Walmart shopping carts
After a week of rumors, Walmart has confirmed that it is indeed buying Jet.com, an e-commerce site headquartered in Hoboken, N.J, that launched in 2014 with high hopes of competing with Amazon.

That never happened — and the site has been unprofitable since its launch.

On paper, though, it looks damn good.

There is Jet.com's unique price model and underlying technology, not to mention the pedigree of its CEO. Briefly, Jet.com's model adjusts prices downward the more people add to their carts. It can do this because it sources its products from all over the country and bases the prices on the customer's location from the source. Thus, Jet.com is able to both save on transportation costs and maximize the cart's total sales. And because the site was built to adjust the prices as the products are added into or subtracted from the cart, it is by necessity lightning fast.

Then there is the CEO Marc Lore. Before founding Jet.com, Lore co-founded Quidsi, the parent company of Diapers.com and Soap.com, which was sold to Amazon for $545 million in 2011. He spent two years at Amazon before moving on to launch Jet.com.

So while Jet.com may have been unprofitable — and many start ups are — it clearly was valuable enough for Walmart to acquire for the tidy sum of $3.3 billion, $3 billion of which will be in cash, to augment its own online sales operations.

Now all that is left for Walmart to do is slip Jet.com into its already extensive e-commerce operations and finally begin to make some headway in this area. Right? Unfortunately, not quite.

An Uphill Battle

For starters, with any merger or acquisition there is the more-than-distinct prospect that its value will ultimately not be realized, usually because of a culture clash between the two companies. If Walmart and Jet.com — an immense corporate retailer and a fledgling tech start up — are able to make this marriage work it will surely be an M&A studied for years to come.

It is also noteworthy that Jet.com's customer base does not align with Walmart's customers, which could be a point in the deal's favor — or a reason why it was unable to meld its practices with Walmart. Jet.com buyers are more likely than other online buyers to have incomes greater than $150,000 a year, according to NPD Checkout Tracking data.

It also reports that only a fifth of Jet.com buyers have purchased from Walmart.com in the most recent 6-month period and that Jet.com buyers spent more of their online dollars on Baby Products, Pet Supplies, Home & Kitchen, Tools & Home Improvement and Health & Beauty compared to non-Jet.com buyers. As it happens, Marshal Cohen, chief industry analyst at The NPD Group, sees this mismatch as a plus. The Jet.com acquisition puts Walmart in the bigger game of online retailing of the future and it brings consumers from outside traditional retail, he said.  "Omni channel moves to omni presence."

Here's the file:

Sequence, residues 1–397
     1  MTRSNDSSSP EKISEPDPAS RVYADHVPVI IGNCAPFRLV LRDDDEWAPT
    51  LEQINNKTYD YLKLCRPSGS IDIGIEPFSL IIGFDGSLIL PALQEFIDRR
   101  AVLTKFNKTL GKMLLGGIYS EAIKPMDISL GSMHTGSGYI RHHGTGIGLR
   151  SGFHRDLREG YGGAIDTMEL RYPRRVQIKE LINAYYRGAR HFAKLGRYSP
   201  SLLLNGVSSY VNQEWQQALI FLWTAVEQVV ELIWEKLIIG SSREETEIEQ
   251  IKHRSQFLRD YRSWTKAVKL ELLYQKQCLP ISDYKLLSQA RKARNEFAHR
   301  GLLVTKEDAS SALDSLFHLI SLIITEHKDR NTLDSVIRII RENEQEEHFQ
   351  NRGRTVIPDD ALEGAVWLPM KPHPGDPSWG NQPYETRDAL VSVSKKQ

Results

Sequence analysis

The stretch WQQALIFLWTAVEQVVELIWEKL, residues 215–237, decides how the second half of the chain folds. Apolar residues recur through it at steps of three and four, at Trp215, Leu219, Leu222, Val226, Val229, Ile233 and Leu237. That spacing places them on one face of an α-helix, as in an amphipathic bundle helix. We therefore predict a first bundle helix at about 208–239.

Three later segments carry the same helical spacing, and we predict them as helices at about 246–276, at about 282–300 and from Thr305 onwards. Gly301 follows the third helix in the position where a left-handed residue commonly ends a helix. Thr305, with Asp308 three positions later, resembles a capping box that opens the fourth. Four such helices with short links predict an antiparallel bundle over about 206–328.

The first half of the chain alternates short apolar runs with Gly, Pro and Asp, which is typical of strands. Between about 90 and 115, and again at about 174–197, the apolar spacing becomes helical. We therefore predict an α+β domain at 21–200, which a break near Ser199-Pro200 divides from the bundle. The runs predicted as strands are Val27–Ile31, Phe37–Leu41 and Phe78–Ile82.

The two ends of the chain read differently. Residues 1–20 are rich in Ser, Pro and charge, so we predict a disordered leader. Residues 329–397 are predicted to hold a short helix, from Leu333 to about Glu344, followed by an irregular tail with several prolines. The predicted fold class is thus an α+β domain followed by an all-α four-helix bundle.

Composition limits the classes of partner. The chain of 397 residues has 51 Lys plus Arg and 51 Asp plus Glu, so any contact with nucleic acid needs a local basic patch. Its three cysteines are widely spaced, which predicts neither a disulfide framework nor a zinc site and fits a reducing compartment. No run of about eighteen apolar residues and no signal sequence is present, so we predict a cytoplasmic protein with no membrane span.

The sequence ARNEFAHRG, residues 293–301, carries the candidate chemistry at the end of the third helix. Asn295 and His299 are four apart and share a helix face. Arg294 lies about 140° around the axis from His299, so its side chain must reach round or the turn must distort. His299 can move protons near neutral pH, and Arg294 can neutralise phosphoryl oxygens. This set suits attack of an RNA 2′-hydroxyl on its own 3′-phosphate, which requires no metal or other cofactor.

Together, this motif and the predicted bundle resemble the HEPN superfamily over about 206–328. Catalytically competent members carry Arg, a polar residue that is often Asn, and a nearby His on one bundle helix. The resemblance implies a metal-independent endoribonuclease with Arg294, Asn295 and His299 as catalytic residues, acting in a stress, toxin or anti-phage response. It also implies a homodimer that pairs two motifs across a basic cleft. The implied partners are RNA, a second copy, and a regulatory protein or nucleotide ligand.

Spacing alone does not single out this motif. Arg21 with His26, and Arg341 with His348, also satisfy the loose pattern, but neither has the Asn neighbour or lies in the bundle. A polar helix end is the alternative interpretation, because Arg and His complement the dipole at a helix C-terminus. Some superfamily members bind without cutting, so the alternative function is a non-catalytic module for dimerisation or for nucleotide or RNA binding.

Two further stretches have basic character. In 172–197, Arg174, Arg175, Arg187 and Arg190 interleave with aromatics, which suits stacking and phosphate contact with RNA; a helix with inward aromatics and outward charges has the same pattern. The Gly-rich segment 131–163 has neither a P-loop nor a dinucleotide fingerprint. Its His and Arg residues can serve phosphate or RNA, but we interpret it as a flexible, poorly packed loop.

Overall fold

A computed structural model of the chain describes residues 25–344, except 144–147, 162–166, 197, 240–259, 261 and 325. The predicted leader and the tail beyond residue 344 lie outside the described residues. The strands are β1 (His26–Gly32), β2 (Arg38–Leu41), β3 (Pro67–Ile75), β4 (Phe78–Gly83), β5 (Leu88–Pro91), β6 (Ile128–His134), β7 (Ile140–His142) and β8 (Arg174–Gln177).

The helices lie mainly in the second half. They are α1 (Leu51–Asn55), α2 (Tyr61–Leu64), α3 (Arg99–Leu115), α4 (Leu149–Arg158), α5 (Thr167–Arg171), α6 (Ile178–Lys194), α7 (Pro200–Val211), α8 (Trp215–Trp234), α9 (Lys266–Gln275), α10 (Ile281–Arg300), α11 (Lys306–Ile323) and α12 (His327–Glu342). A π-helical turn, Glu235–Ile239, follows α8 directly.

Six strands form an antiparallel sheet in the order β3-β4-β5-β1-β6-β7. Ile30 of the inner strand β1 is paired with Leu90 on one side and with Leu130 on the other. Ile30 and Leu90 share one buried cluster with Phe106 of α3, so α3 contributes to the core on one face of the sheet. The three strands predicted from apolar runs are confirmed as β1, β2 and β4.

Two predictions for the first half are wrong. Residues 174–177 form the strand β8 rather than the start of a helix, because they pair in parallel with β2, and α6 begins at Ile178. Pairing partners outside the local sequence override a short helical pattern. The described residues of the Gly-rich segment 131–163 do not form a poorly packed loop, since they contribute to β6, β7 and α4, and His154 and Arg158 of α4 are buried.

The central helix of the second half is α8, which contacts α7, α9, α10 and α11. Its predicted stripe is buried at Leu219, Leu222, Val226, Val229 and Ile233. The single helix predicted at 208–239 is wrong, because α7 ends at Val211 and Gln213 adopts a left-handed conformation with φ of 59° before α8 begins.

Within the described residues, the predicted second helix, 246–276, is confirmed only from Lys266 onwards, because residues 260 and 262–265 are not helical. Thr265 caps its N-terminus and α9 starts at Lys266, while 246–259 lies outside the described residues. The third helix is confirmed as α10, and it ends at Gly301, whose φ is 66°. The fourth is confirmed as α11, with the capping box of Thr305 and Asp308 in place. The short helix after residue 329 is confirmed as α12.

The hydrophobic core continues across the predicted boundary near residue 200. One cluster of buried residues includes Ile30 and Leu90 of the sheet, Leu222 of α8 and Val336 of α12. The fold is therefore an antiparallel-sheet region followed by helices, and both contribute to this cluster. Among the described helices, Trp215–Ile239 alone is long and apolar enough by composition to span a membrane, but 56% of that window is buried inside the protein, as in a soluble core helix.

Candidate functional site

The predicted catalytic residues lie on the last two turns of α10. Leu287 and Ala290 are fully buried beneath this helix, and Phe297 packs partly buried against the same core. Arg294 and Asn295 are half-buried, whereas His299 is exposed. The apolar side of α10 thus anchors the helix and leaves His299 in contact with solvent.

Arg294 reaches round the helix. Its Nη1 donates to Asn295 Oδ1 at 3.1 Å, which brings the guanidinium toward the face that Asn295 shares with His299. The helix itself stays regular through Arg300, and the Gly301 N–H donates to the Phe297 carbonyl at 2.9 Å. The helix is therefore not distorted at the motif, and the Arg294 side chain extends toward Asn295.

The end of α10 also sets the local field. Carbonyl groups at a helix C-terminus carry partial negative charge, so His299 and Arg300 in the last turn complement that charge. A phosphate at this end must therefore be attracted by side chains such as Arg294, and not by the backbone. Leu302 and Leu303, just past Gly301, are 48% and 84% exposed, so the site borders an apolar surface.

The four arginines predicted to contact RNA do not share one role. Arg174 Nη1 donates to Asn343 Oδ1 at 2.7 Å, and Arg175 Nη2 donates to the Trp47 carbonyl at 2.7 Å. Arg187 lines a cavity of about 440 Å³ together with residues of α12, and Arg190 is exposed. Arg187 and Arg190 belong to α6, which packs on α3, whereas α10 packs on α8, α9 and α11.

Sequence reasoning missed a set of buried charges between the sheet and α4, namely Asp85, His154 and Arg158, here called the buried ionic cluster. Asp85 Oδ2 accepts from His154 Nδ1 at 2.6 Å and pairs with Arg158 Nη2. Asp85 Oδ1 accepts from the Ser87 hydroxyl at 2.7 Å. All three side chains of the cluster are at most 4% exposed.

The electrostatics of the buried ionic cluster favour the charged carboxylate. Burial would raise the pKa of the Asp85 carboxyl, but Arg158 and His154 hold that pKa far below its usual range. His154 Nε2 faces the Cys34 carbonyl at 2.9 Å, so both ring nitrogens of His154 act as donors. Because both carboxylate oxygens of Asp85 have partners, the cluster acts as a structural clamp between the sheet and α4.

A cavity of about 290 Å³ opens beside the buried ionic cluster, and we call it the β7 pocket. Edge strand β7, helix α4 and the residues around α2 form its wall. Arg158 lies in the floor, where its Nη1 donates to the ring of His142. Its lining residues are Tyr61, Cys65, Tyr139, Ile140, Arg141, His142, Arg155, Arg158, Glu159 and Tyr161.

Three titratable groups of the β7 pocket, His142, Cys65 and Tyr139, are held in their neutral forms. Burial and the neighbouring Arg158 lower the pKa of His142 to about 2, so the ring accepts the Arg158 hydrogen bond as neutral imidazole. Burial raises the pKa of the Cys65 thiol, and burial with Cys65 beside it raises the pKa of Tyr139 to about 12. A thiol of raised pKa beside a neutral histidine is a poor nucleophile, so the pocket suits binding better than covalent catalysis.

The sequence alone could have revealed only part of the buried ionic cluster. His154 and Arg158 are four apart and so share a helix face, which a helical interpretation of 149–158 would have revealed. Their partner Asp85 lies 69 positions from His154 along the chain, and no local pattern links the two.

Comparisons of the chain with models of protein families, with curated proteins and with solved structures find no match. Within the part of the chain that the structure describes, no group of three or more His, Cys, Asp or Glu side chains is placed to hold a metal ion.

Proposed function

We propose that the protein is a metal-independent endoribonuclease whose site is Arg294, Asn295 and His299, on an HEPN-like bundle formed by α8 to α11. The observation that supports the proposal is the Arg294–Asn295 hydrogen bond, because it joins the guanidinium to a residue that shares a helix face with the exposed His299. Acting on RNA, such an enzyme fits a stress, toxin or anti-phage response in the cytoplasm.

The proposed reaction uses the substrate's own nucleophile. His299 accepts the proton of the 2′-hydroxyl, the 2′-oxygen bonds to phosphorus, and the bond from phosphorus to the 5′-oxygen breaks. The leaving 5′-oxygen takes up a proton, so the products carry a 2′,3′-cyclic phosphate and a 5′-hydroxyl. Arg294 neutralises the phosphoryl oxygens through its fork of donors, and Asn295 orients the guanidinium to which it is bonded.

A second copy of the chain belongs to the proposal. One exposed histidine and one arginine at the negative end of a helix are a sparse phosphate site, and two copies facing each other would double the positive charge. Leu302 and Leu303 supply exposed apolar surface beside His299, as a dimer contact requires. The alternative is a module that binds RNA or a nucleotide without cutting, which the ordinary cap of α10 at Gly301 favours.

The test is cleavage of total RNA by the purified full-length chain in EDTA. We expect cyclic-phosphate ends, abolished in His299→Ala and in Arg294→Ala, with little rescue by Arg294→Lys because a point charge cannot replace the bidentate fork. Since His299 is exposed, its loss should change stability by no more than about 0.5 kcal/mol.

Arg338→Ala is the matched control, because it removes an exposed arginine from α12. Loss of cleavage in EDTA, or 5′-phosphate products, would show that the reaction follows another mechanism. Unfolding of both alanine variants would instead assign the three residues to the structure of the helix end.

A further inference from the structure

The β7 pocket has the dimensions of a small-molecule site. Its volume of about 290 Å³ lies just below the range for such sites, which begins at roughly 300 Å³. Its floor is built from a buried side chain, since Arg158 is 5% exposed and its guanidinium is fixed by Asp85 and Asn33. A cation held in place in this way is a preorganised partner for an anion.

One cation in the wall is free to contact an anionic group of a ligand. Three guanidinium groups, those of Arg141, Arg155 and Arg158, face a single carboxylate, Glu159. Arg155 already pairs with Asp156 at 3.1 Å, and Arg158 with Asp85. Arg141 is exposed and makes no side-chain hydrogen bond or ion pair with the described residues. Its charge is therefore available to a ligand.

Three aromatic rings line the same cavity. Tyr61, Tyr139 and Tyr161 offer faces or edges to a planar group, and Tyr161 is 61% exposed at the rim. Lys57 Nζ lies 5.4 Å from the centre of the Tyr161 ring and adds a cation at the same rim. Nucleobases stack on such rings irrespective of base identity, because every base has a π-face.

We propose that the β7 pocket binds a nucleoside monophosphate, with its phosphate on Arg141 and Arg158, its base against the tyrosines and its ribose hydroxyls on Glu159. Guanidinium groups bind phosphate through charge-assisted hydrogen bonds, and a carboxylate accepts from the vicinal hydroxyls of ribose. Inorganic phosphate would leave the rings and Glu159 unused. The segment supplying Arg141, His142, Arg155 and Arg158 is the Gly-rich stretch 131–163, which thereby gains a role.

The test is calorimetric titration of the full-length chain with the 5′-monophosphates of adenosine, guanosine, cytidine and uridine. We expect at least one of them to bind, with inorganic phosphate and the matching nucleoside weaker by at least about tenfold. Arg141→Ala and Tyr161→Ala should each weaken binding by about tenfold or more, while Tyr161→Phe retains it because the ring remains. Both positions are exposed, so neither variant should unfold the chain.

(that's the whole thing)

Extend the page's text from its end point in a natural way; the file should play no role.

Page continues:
Too Slow

But perhaps the biggest headwind facing a successfully combined Walmart.com and Jet.com is the fact that Walmart hasn’t really been able to succeed at e-commerce to date despite investing millions of dollars on cutting edge start ups via WalmartLabs.  It has, over the years, acquired OneRiotKosmixAdchemy  and OneOps to name just a few examples.

And yet for its first quarter of fiscal 2017, which it released in May 2016, CEO Doug McMillon reported that on a constant currency basis, e-commerce sales grew 7%. That was too slow, he flat out said in the earnings call.

"We can see progress against several of the necessary capabilities we need to win in e-commerce but we are still working on a few others. We need them all to come together to see stronger growth," he said.

So what exactly is the problem?

Two Completely Different Mindsets

Joel Citron, director of Advertising Technology at Ai Media Group, a New York City-based digital strategy company, chalks it up to a different mindset between a brick-and-mortar company and an online retailer. "They have very different ways of engaging with the customer," he said.

Now here is where Jet.com can clearly help Walmart — it continuously engages with the customer, far more so than Amazon. Every time a customer puts an item into his cart, the site engages with him, Citron told CMSWire. "It will tell you, for example, 'all you need is to buy another $10 to get your total price down to $75.'"

Is the secret sauce that Walmart.com has been missing? Possibly, but Citron also agrees that it is unusual for a retailer to have such a huge chunk of the brick-and-mortar sales and such as small percentage of online sales.

"Maybe Walmart won't be able to successfully integrate Jet.com in the end," he said.

But, then maybe it can. Besides the pricing engine, which automatically builds in engagement as well as maximized cart sales, that $3.3 billion purchase price includes Lore's expertise. Lore will be staying on at Walmart.com for two years as part of the deal.  "He has a great reputation plus those two years at Amazon," Citron said. "If anyone can turn Walmart.com around it is Lore."